"The cause of H. L. Knight, as plaintiff, and the Western & Atlantic Railroad Company, as defendant, wherein it is alleged in said indictment was delivered the alleged false and perjured testimony of this defendant set forth in said indictment, was a suit pending in the superior court of Gordon county, Georgia, wherein said H. L. Knight, by his petition therein, claimed that he had received severe injuries to his person by reason of the negligence of the said railroad company and its agents or servants, to his damage in the large sum of $20,000. One of the attorneys at law for the plaintiff, H. L. Knight, in said cause, was and still is J. M. Lang, who was and is the same person as Joe M Lang, the solicitor general of the state of Georgia for the Cherokee judicial circuit, including said county of Gordon. This defendant says that the said J. M. Lang was and is, as attorney at law, representing the said H. L. Knight in said cause, for and in expectation of what is known as a contingent fee--that is to say, a fee dependent either directly or in a large part upon the event of said H. L. Knight obtaining a verdict in his favor in his said cause against the Western & Atlantic Railroad Company, and upon the amount of said verdict, if obtained, in favor of said Knight--and the said Lang was and is the sole counsel for said Knight in said cause resident in the said county of Gordon. This defendant says that in and about the making and preparation of the indictment against him in the cause first stated the said J. M. Lang, as such solicitor general, and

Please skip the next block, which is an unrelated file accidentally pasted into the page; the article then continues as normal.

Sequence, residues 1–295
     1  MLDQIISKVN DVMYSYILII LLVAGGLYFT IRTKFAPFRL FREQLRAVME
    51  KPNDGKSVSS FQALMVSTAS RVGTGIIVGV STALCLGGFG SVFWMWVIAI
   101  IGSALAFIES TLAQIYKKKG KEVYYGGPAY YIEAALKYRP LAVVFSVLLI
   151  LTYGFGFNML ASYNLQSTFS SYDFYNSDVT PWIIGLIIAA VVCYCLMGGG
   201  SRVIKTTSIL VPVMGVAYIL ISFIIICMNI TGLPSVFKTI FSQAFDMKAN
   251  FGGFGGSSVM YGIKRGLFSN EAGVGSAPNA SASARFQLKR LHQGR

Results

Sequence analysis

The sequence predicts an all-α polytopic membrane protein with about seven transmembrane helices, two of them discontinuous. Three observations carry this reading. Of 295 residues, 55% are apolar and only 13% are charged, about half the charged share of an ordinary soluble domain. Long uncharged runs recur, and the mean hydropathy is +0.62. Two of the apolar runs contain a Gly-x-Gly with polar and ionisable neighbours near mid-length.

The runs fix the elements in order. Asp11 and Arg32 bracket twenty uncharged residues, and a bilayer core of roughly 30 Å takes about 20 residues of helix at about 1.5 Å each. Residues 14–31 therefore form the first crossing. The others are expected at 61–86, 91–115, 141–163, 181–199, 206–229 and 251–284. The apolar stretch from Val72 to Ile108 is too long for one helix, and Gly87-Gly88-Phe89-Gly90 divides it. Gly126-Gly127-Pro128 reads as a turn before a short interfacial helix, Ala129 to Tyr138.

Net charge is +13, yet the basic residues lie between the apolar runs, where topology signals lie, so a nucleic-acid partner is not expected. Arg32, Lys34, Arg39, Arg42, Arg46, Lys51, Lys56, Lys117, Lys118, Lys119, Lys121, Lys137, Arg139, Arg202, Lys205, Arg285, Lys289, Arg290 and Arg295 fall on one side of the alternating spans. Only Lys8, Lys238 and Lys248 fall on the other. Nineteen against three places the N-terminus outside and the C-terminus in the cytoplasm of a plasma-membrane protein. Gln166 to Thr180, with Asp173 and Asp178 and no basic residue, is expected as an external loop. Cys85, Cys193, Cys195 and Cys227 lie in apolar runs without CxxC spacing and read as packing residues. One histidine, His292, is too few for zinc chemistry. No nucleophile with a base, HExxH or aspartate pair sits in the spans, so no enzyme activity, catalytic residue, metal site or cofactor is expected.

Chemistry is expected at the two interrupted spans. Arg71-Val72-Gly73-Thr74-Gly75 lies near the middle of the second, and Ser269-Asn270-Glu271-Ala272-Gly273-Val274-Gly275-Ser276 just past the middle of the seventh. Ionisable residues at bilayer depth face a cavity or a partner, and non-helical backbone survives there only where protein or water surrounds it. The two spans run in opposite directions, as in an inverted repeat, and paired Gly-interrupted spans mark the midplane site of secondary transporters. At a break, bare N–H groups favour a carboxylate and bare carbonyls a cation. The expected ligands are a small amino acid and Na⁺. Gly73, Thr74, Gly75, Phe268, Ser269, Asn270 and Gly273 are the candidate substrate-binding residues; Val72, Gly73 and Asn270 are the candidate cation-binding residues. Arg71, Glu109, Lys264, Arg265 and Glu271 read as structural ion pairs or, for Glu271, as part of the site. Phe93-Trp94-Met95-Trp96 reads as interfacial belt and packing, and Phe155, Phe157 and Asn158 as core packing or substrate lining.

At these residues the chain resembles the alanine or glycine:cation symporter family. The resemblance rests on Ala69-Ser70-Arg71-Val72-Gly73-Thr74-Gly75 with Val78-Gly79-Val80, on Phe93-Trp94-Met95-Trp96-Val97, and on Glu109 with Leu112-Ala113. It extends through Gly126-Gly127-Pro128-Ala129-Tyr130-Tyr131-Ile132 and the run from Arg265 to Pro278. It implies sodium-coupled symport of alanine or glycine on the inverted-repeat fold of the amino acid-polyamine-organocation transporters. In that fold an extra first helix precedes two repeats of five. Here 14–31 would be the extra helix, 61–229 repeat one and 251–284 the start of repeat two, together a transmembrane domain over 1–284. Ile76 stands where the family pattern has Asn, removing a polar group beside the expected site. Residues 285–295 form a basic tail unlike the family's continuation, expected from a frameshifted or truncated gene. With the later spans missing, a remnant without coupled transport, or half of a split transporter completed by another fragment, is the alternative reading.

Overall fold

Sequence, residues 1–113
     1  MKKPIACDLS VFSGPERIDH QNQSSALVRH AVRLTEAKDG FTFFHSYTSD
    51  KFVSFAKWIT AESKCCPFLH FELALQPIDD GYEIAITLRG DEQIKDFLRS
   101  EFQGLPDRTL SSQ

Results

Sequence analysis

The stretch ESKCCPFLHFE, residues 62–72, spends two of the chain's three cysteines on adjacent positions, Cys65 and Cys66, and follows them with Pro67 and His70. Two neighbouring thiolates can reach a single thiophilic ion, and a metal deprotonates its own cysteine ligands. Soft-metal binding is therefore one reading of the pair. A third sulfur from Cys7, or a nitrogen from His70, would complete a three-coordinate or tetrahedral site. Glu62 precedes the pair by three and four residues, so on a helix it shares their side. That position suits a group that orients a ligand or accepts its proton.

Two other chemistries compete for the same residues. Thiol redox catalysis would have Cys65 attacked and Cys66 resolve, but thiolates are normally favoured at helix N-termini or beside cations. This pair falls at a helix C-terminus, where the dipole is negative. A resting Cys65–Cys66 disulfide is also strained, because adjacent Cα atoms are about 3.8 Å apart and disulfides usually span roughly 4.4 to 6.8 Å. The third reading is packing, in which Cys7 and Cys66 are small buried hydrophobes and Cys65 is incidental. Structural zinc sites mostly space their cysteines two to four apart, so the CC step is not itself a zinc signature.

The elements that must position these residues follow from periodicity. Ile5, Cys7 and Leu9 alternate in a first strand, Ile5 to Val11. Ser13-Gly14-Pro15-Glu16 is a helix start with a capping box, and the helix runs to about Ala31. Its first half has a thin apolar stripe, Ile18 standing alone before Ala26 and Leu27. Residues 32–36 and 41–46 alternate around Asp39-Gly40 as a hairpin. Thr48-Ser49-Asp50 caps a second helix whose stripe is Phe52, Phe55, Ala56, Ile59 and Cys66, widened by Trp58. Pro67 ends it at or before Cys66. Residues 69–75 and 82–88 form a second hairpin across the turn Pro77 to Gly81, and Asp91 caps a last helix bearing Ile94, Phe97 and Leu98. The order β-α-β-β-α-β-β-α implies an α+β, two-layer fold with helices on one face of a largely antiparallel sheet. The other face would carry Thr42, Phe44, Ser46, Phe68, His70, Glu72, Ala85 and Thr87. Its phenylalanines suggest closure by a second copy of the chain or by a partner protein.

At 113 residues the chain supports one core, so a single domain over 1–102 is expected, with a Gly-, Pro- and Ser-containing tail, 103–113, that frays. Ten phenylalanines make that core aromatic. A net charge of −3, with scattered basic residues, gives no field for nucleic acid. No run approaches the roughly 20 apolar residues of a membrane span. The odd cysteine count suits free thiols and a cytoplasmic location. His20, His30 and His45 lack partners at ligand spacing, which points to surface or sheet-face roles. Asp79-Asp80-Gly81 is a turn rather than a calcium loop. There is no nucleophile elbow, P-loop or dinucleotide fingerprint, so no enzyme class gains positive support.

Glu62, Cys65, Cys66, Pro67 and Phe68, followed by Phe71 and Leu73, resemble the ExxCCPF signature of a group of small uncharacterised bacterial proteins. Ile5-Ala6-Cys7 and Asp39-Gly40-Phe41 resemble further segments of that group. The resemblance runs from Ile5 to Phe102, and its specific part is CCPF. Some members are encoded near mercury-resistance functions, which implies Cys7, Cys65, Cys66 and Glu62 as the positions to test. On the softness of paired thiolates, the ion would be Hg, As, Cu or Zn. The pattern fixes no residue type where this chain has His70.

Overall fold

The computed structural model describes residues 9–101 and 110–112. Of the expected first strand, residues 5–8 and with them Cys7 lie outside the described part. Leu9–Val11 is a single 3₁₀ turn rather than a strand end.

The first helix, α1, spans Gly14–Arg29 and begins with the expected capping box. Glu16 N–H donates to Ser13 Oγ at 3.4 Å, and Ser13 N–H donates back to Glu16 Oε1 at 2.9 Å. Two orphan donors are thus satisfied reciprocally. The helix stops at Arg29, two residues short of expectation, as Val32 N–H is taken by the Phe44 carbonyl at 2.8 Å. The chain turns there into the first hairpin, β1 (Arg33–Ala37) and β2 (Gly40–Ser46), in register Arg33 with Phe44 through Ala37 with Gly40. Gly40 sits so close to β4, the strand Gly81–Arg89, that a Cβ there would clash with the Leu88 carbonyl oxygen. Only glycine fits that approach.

acting as such, was the official counselor of the grand jury of said county of Gordon, by whom said indictment was made, and was personally concerned and interested in the case made by said indictment against this defendant, because of his above-stated interest as attorney at law in the result of said cause of H. L. Knight against the said Western & Atlantic Railroad, which cause is still pending and undetermined; and said J. M. Lang, or Joe M. Lang, appeared before said grand jury and gave advice to said body or the members thereof in and about the making of said indictment against this defendant.
And this defendant further says: As illustrating and showing to the court the nature, character, and extent of the interest of said Lang in the said cause of H. L. Knight against the Western & Atlantic Railroad Company, and the means said Lang wished to use and sought to use to procure a settlement thereof, and the relation between the same and the indictment made against this defendant in the instant cause, this defendant says that on or about the 1st day of December, 1913, the said Lang wrote and mailed a letter to John L. Edmondson, claim agent of the Western & Atlantic Railroad Company, of which the following is a true copy: